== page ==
The era of reclassification in high school basketball has firmly established itself and is here to stay.
Rather than spreading out updates across several weeks or even a month, it’s becoming increasingly practical to consolidate them into a single day. This shift is because determining the graduation year of today’s top basketball prospects has become more challenging than ever before.
Much like the impact of NIL (Name, Image, and Likeness) and the transfer portal on college sports, high school athletics, particularly high school basketball, is experiencing a transformative period known as the “Era of Reclassification.” And it’s a phenomenon that shows no signs of fading away.
Not too long ago, “reclassification” often implied academic struggles or poor grades. In the early 2000s and even as recently as the early 2010s, reclassification was primarily associated with students who needed an extra year of high school coursework to become eligible for college. In rare instances where a player did reclassify, it typically meant moving to their originally designated class.
Those days have now become distant memories. Reclassifying to an older class has become increasingly common. More and more players are legitimately skipping a year of high school to enter college campuses a year ahead.
Former NBA Rookie of the Year, Andrew Wiggins, was among the early trailblazers in redefining reclassification, notably when he was the top recruit in 2013. However, at that time, reclassification was still relatively rare and applied only in specific cases. It was not until Marvin Bagley’s reclassification into the 2017 class, securing the top spot, that the floodgates truly opened.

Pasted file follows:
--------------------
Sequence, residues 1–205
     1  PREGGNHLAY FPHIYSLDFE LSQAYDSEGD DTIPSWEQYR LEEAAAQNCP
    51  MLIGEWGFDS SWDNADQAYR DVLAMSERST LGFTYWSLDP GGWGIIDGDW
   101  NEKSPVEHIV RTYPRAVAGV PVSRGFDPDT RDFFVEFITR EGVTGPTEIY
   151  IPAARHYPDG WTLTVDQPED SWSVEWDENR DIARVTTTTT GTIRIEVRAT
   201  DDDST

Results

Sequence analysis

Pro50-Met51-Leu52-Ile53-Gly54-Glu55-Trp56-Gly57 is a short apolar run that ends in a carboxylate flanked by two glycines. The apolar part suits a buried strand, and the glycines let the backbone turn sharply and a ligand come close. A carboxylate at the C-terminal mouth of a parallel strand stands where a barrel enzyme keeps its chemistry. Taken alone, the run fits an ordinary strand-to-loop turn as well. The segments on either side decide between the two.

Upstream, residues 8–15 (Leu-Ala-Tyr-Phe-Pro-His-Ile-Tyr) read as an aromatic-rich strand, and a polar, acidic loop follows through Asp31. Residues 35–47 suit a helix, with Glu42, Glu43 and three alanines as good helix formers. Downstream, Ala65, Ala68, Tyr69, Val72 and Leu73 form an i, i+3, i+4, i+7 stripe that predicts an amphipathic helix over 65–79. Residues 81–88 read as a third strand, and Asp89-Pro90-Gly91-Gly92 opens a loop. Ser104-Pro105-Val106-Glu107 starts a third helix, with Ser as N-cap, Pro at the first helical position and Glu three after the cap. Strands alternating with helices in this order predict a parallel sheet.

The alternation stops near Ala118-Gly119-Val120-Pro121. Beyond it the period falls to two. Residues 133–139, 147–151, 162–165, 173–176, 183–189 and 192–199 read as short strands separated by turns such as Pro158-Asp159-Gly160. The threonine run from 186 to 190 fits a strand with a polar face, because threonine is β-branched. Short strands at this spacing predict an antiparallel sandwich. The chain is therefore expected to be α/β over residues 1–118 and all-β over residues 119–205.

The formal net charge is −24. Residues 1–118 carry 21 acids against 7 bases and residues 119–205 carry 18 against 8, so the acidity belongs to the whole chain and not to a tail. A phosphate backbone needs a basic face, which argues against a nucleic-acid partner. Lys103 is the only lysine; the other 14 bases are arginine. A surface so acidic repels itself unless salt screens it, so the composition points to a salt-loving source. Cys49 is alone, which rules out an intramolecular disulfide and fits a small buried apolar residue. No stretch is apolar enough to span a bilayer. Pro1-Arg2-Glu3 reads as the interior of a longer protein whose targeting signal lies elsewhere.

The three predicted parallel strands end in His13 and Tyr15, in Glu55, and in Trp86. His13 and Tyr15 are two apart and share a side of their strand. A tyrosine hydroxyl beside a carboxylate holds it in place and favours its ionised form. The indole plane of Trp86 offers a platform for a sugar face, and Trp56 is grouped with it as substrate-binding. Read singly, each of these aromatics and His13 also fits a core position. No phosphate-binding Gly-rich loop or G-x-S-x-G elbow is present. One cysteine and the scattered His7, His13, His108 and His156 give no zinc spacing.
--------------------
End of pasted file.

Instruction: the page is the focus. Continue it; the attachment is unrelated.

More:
Bagley’s influence persists today. A prime example is the class of 2024, where Cooper Flagg recently moved up from the class of 2025, similarly securing the top spot. Flagg wasn’t alone; he was joined by top 10 big man Jayden Quaintance.
In the 2026 class, AJ Dybantsa has recently emerged as the No. 1 player. Though he hasn’t publicly confirmed it yet, there’s widespread speculation in recruiting circles that he will move up to the class of 2025. If Flagg, Dybantsa, and Quaintance serve as indicators, it’s safe to anticipate many more players in the 2024, 2025, and 2026 classes making similar transitions.
This trend is now undeniable. In the final rankings of the class of 2023, at least seven of the top 51 players had, at some point, been listed in the class of 2024. The same pattern emerged in previous years, with notable examples like North Carolina freshman Elliot Cadeau in 2022 and NBA Draft pick Scoot Henderson in 2021. These reclassifications show no signs of slowing down, prompting recruiters to adapt and anticipate these shifts.
The reasons behind this reclassification trend are clear. The NBA no longer permits players to enter the draft directly out of high school, and the introduction of NIL opportunities at top college programs has led elite players to seek quicker paths to the NBA to maximize their earnings.
Programs like Overtime Elite, the NBA G League’s Ignite, and international professional options have added to the allure of high school stars, pushing college programs to find ways to secure these top prospects, even if it means navigating the reclassification process.
Families and prospects are increasingly aware of the potential advantages of reclassification, such as earlier NBA eligibility and the opportunity to capitalize on NIL opportunities before becoming professional. It’s a strategic decision that can benefit both players and programs.
In summary, it’s safe to assume that a significant number of top-rated players in basketball rankings classes will either enroll in college early or explore alternative professional routes. Whether it’s a five-star prospect from the class of 2025 or someone else, reclassification has become a defining feature of the current basketball landscape.